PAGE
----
Page:Popular Science Monthly Volume 2.djvu/597

From Wikisource
Jump to navigation Jump to search
This page has been validated.
577
THE STUDY OF SOCIOLOGY.

large that the amount of exchange to be facilitated is great. Hence, unquestionably, that integration of societies effected by war has been a needful preliminary to industrial development, and consequently to developments of other kinds—Science, the Fine Arts, etc.

Industrial habits too, and habits of subordination to social requirements, are indirectly brought about by the same cause. The truth that the power of working continuously, wanting in the aboriginal man, could be established only by that persistent coercion to which conquered and enslaved tribes are subject, has become trite. An allied truth is, that only by a discipline of submission, first to an owner, then to a personal governor, presently to government less personal, then to the embodied law proceeding from government, could there eventually be reached submission to that code of moral law by which the civilized man is more and more restrained in his dealings with his fellows.

Such being some of the important truths usually ignored by men too exclusively influenced by the religion of amity, let us now glance at the no less important truths to which men are blinded by the religion of enmity.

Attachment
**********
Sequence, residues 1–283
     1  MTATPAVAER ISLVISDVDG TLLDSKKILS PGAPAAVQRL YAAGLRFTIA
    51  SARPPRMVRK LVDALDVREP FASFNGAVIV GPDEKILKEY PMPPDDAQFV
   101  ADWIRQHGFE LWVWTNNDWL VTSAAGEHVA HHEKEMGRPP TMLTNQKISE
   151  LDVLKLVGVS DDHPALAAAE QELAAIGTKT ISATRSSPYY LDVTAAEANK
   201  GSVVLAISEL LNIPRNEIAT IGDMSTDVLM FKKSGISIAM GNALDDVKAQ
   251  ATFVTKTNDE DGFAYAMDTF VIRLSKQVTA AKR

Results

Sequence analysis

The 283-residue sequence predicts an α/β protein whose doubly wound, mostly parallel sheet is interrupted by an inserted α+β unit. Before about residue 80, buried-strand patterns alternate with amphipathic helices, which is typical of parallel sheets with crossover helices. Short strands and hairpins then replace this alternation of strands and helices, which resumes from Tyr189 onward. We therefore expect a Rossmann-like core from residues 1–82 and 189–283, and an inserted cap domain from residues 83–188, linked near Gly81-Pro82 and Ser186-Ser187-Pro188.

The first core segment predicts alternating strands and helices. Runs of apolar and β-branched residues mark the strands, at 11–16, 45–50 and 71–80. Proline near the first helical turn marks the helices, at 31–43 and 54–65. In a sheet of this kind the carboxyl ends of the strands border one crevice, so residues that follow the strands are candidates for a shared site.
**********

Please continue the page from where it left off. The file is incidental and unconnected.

Though, during barbarism and the earlier stages of civilization, war has the effect of exterminating the weaker societies, and of weeding out the weaker members of the stronger societies, and thus in both ways furthering the development of those valuable powers, bodily and mental, which war brings into play; yet, during the later stages of civilization, the second of these actions is reversed. So long as all adult males have to bear arms, the average result is that those of most strength and quickness survive, while the feebler and slower are slain; but when the industrial development has become such that only some of the adult males are draughted into the army, the tendency is to pick out and expose to slaughter the best-grown and healthiest; leaving behind the physically inferior to propagate the race. The fact that among ourselves, though the number of soldiers raised is not relatively large, many recruits are rejected by the examining surgeons, shows that the process inevitably works toward deterioration. Where, as in France, conscriptions have gone on generation after generation, taking away the finest men, the needful lowering of the standard proves how disastrous is the effect on those animal qualities of a race which form a necessary basis for all higher qualities. If the depletion is indirect also—if there is such an overdraw on the energies of the industrial population that a large share of heavy labor is thrown on the women, whose systems are taxed simultaneously by hard work and child-bearing, a further cause of physical degeneracy comes into play: France again supplying an example. War, therefore, after a certain stage of progress, instead of furthering bodily development and the development of certain mental powers, becomes a cause of retrogression.